In Making Hiring Decisions, Men and Women Still Assume Women Are Bad At Math

In an experiment on bias, women who aced math problems were more often overlooked in favor of male applicants who performed worse.

In Making Hiring Decisions, Men and Women Still Assume Women Are Bad At Math
[Image: Businesswoman via Shutterstock]

One of the most stubborn and pervasive gender-based stereotypes out there is that women are bad at math. I’ve heard versions of this pseudo-scientific crap voiced by technical and non-technical people alike, by stone-cold sexists and friends I respect, too. It’s odd then, that for people who supposedly just “state the facts,” even hard numbers disproving those facts are apparently unlikely to dislodge their biased assumptions.


That’s at least the finding of a study recently published in the Proceedings of the Academy of National Sciences. The research examined the assumptions that hiring managers make when considering male and female employees for a math-related task. But while much of what the researchers found was discouraging, the authors also suggest that one of the tests they used to assess an employer’s bias could be deployed to fix that error in real-life hiring decisions.

So, the bad news: When test subjects assigned to be the “employer” had no information about their prospective employees’ abilities, they were twice as likely to choose men over women. In another scenario, where both male and female candidates were given the opportunity to describe how well they thought they would do on the math task, the outcome wasn’t much different.

Things get more interesting in the third scenario, in which employers could actually “update” their decisions after watching men and women do the math problem. Employers still only picked women 43% of the time. More tellingly, the “employers” picked the job candidate who performed worse 19.5% of the time. Of the worse performers chosen over better mathletes of the opposite gender, 64% were male.

This outcome, researchers say, has much to do with gender bias. “If hiring decisions were sex-neutral, the fraction of sub-optimal decisions in which a lower-performing male was chosen over a higher-performing female would be close to 50%,” the researchers write. Instead, men who performed worse on the math test more often got hired anyway.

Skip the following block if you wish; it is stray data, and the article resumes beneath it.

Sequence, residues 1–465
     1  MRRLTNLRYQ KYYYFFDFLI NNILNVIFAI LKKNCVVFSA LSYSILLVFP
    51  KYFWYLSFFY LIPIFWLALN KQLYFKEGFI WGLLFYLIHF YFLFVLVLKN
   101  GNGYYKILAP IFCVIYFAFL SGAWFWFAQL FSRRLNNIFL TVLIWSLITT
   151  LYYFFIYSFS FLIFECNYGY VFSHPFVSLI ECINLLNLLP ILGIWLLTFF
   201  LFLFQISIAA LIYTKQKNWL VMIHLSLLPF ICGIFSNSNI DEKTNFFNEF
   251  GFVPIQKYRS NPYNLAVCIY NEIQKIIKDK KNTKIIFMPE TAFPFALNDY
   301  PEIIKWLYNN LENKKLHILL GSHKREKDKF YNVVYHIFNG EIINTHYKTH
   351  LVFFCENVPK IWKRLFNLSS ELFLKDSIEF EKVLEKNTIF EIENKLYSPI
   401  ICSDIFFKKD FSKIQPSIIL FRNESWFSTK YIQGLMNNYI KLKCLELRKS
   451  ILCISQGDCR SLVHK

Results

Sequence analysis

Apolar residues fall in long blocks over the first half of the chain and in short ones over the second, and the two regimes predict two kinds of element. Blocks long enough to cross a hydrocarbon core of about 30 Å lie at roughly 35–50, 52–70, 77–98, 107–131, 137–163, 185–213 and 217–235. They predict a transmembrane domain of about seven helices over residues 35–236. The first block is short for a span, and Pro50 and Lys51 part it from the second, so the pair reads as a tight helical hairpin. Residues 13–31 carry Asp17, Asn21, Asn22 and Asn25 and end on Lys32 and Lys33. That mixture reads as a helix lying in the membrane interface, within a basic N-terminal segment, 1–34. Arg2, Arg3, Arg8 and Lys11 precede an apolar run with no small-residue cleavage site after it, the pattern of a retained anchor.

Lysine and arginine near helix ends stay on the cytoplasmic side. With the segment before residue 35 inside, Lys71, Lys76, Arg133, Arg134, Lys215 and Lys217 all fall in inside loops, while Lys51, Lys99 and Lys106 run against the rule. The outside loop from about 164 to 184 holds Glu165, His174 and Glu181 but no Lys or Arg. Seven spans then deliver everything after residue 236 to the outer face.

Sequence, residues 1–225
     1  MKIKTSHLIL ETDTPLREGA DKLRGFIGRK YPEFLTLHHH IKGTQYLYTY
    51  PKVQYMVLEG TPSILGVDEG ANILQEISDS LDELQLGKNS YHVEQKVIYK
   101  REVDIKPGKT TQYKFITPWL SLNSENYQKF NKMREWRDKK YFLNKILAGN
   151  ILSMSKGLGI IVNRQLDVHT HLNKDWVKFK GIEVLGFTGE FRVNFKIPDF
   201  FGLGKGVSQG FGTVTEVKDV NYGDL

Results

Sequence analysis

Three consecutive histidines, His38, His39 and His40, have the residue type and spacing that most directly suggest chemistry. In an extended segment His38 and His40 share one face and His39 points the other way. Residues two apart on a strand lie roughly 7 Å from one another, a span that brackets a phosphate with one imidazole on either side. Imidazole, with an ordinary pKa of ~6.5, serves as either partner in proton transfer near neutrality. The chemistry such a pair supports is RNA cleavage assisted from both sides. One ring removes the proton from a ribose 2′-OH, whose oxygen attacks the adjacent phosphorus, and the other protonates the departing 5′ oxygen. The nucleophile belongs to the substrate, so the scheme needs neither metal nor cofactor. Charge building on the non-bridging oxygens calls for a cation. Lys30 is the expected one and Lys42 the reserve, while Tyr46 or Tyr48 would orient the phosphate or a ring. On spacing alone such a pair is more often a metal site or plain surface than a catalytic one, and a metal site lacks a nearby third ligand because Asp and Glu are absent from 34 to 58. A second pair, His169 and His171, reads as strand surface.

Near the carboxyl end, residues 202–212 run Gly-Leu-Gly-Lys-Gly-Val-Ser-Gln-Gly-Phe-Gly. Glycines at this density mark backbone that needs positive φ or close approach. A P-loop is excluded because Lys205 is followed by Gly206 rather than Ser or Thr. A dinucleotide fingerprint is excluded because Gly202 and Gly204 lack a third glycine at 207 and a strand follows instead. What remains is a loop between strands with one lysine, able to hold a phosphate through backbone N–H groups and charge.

But what if employers were made aware of their bias?

The researchers noted that sexist hiring decisions corresponded with scores on something called an “Implicit Assumption Test,” a tool originally developed to test racial bias. The IAT, tweaked to assess gender bias, works like rapid-fire flash cards: The test subject is shown a word or image in the center of the screen, and is asked to associate that object with the right side “humanities” or left, “math and science.” Your prejudice is then calculated by your response–if you lump “Sheila,” “Katie,” and “Veronica” into humanities while consistently pushing “Michael,” “Roy,” and “Dave” into math, you’d receive a positive score for associating men more with math and science, and women less. If it worked the opposite way, you’d receive a negative number.


The paper found that both men and women employers had positive mean IAT scores: 0.35 for men and 0.42 for women. Unsurprisingly, employers with higher IAT scores also rated men’s self-assessments more highly, even though, researchers discovered, they were often far more overblown (inaccurate) than women’s.

Ernesto Reuben, one of the authors of the study, suggests that hiring managers could actually use the IAT to assess their own prejudice when making decisions.

“We do see that discrimination does go down [when employers are given the facts about performance], but they just don’t go far enough,” says Reuben. “They put too much weight on this stereotype, which actually has very little informational content.”

Still, Reuben added that it might be unethical for any company to mandate something like this–and if you want to avoid sexist labeling, you also might be able to game the test by simply being slow and “associating” neutral answers. At the same time, it could be a critical personal diagnostic to use, as Reuben suspects that lack of women in science, technology, and engineering fields could be the very thing contributing to the power of the stereotype. Plus, it might mean that people with high IAT scores consistently hire less qualified people.

“My personal take is that a lot of this is just unconscious processing by the brain,” Reuben says. “If you never see a woman in math-related fields, your brain automatically links men with math, and women with other things, and that’s what perpetuates this effect.”

About the author

Sydney Brownstone is a Seattle-based former staff writer at Co.Exist. She lives in a Brooklyn apartment with windows that don’t quite open, and covers environment, health, and data.